Birr Barracks about 1900. For more about it tune in to the lecture on 13 June.
Despite the regiment’s short lived history, the Leinsters were immortalised in their spiritual home of Birr in 1964, with the unveiling a memorial stained glass window at 12 noon on 9 May, by The Earl Alexander of Tunis, a decorated Field Marshall of the Second World War. The window which commemorates all ranks of the regiment was unveiled in St Brendan’s Catholic Church in Birr. The gothic style two light window depicts the crucifixion of Christ in the left panel with the following text below: “IN MEMORY OF ALL RANKS OF THE/PRINCE OF WALES’S LEINSTER REGIMENT (ROYAL CANADIANS)/WHOSE DEPOT WAS AT CRINKLE/BIRR 1881-1921”. The right panel depicts Archangel Michael, the following text is bellow: “BATTLE HONOURS ON COLOURS/NIAGARA, CENTRAL INDIA, SOUTH/AFRICA, AISNE 1914, YPRES 1915-17-18/SOMME 1916-18, GUILLEMONT, VIMY 1917/MESSINES 1917, ST QUENTIN, MACEDONIA/GALLIPOLI 1915, JERUSALEM”. The quatrefoil above bearing the regiments cap badge.
The window unveiled in 1964. The event was reported by Pathe News and can be viewed via YouTube.
Today, 100 years on since disbandment, the regiment is still very much remembered within the county and the country due to the efforts of initiatives such as the Decade of Centenaries and the work of local historians and historical groups.
Thanks to Stephen Callaghan for his article and his forthcoming lecture. Pics Stephen Callaghan, caps Offaly History.
OHAS Lecture Monday 13 June 2022 at 8 p.m.
Stephen Callaghan: Paper title: Birr Barracks: an overview from construction to destruction
With the approaching centenary of the burning of Birr Barracks, join Stephen Callaghan for an insight into the history of Birr Barracks from its construction at the start of 1800s, during the height of the Napoleonic Wars, to the evacuation of the British Army and handover to the Free State Army, and finally its destruction by fire during the Irish Civil War in 1922. Stephen’s talk will focus on how the barracks’ use evolved over time and how it shaped the Birr and Crinkill we know today. Notable and interesting events which took place over the barracks’ lifetime will be recounted, such as the murder of Adjutant Robertson Mackay or the presentation of new colours to the 53rd Regiment of Foot by the duke of Connaught to the construction of mock trenches in the Fourteen Acres during the Great War.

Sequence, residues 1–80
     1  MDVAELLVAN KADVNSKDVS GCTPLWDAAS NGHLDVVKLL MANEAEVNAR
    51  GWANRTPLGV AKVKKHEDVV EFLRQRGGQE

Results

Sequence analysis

Stephen is a native of Dublin and has been described as an “honorary Birr person”, probably due to his keen interest in the town. Stephen has written on the town’s military history and his most recent book (Birr Military Cemetery: a history of the cemetery and those interred there, published in 2020) was about the military cemetery connected to Birr Barracks. He was also involved in the excavation of a First World War-era training ground in 2018 and the conservation of the oak cross memorial to Captain Lancelot Studholme in 2019.
All are welcome to come to Offaly History Bury Quay for the presentation.
At 8. 00 p.m. on Monday 13 June 2022
For the Zoom link, please email [email protected]
For more about the Leinster Regiment and Offaly 1912-23 check our Decade of Centenaries platform at http://www.offalyhistory.com for over 100 articles. See also Offaly and the Great War (available to purchase). At Offaly History Centre and Offaly Libraries you can view Whitton’s Leinster Regiment (two vols) and much more.